Source: http://www.crainsnewyork.com/article/20120205/SUB/302059999#ixzz2H2tFGMTT

    Over 650 economists, including 5 Nobel prize winners and 6 past presidents of the American Economic Association, believe that increasing federal and state minimum wages, with annual cost-of-living adjustments for inflation, “can significantly improve the lives of low-income workers and their families, without the adverse effects that critics have claimed.”

    See the list of signatories and read the statement here : http://www.epi.org/page/-/pdf/epi_minimum_wage_2006.pdf

    - - - Updated - - -

    You mean what's fair, or what's legislatively passable? lol

    Fair = Keeping up with inflation at a minimum and in the last 40 years that would come out to about $10.67, which is much better than the current $7.25
    Last edited by a moderator: Mar 29, 2013
  14. sirerik

    sirerik Member

    Jan 15, 2013
    I appreciate the effort some of you have put in to this debate. Some of you are strongly in favor of raising MW. $10.67 sounds reasonable and possible, what are the negative consequences?
  15. Dominotx711

    Dominotx711 Well-Known Member

    May 28, 2012
    I believe the negatives have been amply pointed out. Not to mention my own pet peeve of it isn't fair.
  16. Sharpshooter

    Sharpshooter Guest

    I may have missed it, but how again is raising the MW not fair?
  17. sirerik

    sirerik Member

    Jan 15, 2013
    When there is low demand and high supply prices fall, when thereis low demand and high prices, demand drops even more. One unintended consequenceof raising MW is lower demand for entry level workers and that is not fair toour youth. In order to make an informed decision we must understand thepositives and negatives of a decision, weigh them and decide if the positivesoutweigh the negatives. There are several positives to raising MW, at thispoint in time I believe the negatives outweigh the positives and that is why Ioppose it.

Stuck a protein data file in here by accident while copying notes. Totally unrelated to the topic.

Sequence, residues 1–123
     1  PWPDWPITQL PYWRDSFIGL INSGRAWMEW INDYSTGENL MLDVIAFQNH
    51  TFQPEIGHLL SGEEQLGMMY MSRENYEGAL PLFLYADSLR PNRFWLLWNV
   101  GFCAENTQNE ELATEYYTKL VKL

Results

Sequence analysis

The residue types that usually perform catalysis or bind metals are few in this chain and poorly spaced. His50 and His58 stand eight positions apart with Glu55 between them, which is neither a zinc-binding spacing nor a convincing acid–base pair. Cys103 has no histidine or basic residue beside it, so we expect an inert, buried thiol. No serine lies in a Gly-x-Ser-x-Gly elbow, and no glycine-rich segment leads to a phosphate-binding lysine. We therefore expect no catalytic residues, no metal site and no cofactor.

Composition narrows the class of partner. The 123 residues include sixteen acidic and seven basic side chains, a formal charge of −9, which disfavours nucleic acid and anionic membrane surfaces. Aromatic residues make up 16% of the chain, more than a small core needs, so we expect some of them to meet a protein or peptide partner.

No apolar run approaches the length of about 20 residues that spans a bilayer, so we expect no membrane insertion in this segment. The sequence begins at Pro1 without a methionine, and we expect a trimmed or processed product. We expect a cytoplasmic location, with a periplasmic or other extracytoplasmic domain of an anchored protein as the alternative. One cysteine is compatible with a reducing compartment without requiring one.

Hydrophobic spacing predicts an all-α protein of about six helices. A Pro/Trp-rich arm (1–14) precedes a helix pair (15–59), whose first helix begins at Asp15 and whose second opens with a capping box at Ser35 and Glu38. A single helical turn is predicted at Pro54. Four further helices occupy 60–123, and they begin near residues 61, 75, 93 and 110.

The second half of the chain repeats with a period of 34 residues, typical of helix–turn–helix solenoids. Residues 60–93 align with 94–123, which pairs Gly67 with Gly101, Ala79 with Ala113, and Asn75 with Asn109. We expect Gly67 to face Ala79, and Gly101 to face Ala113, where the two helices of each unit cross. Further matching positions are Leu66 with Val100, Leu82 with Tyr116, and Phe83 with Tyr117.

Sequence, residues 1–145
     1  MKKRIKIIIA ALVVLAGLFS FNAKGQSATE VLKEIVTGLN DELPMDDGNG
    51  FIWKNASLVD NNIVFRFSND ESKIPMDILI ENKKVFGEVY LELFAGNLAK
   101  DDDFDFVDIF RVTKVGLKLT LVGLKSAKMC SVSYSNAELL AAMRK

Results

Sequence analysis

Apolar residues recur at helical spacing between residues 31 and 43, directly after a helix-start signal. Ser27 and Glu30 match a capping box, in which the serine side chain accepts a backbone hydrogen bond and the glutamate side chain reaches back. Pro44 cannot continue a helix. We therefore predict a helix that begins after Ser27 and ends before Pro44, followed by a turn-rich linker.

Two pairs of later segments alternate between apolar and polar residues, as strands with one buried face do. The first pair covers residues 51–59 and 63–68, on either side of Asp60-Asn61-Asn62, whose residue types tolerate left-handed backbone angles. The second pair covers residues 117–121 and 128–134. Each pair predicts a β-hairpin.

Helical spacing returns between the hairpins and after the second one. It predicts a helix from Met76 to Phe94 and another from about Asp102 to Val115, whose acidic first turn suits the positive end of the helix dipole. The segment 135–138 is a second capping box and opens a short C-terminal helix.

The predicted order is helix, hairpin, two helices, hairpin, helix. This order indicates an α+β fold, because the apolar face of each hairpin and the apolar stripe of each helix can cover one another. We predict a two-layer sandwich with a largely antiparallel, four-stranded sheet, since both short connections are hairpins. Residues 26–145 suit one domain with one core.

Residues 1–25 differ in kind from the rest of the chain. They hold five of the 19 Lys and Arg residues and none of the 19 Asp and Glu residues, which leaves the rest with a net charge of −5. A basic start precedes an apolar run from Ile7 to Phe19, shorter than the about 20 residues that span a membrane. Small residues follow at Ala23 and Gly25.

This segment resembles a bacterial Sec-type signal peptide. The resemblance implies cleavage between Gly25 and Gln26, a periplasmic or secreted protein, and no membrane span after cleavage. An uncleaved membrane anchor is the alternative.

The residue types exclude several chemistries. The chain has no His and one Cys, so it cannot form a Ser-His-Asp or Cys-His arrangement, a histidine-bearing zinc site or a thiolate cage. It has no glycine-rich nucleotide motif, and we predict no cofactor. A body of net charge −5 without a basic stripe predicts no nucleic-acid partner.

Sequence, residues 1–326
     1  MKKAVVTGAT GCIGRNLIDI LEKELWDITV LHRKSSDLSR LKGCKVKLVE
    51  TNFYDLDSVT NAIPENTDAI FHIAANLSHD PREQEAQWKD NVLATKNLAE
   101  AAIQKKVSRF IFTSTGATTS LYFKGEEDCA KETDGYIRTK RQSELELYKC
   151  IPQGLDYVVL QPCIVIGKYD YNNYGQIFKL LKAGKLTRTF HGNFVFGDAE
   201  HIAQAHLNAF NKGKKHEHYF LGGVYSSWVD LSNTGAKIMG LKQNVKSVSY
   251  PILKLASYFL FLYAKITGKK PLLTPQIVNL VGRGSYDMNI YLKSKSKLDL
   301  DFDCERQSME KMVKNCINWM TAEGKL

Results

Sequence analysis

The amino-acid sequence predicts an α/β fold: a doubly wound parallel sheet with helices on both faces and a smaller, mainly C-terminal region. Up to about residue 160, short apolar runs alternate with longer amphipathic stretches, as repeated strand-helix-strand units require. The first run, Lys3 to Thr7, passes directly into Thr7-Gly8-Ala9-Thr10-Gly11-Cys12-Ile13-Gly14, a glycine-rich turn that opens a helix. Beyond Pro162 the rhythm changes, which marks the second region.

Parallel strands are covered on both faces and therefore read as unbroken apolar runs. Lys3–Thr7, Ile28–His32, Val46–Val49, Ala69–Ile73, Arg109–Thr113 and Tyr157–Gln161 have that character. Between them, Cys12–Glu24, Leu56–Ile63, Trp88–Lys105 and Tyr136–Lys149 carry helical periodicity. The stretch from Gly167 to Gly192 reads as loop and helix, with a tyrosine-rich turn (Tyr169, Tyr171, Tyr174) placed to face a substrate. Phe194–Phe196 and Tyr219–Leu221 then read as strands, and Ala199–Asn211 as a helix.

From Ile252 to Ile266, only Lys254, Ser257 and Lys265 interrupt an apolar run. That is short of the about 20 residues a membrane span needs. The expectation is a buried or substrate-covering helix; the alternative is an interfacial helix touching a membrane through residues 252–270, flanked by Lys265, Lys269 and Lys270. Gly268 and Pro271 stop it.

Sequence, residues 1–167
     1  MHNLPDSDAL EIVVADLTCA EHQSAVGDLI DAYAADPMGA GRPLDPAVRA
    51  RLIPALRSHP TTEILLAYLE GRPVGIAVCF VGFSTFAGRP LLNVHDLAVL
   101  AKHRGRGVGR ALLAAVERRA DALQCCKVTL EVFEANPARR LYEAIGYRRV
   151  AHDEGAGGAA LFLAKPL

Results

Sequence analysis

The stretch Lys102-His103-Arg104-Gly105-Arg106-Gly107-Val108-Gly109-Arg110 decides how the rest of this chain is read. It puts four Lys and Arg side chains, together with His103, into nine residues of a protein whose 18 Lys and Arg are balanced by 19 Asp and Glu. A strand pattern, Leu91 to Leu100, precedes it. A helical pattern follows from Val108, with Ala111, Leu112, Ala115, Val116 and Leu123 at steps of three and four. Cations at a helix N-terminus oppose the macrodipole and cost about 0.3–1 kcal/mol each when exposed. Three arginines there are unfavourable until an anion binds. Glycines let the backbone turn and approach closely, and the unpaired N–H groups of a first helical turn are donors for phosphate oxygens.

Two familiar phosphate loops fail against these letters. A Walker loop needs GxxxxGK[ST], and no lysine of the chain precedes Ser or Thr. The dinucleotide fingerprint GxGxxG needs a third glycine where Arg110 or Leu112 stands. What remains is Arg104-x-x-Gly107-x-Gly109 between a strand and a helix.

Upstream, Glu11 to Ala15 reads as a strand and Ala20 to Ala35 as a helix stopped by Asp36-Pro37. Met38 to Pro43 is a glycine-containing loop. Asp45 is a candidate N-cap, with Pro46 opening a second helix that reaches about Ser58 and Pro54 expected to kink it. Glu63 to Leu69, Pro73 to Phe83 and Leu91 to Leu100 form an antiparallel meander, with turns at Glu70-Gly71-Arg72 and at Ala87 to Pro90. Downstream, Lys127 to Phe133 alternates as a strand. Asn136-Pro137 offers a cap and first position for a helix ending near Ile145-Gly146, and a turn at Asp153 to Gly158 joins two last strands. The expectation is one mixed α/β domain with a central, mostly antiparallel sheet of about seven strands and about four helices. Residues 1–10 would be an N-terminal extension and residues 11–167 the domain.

18. Sharpshooter

    Sharpshooter Guest

    The failure with this argument is that it presumes that the 'youth' are the ones that are filling those entry-level minimum wage jobs.

    That's not the case any longer.

    So, in reality, the 'youth' are not filling these jobs...in fact they're not even being afforded the opportunity to fill what used to be 'transitional jobs' while in school or in college or while entering the professional workforce.

    The youth argument is a non-starter in regards to the MW, because they're not necessarily the ones that are calling for it. It's the workers trying to raise their families or make ends meet that are, and they deserve a living wage, ie. a wage that they can minimally live on, without having to get gov't handouts, ie. being 'burden's on the taxpayer'.

    So the choice here is, get the corporations to increase their wages so people can make ends meet, or have the citizens pay more taxes, or have less taxes going to other vital programs like infrastructure, education, etc, to supplement and assist the working poor who aren't able to make ends meet on their low wages.

    Positives far outweigh the negatives, not only for those people making minimum wage, but for society/the tax paying public, as a whole.

    Hopefully you can see it from that angle and be willing to change your views.
    Hellstromm likes this.
  19. Dominotx711

    Dominotx711 Well-Known Member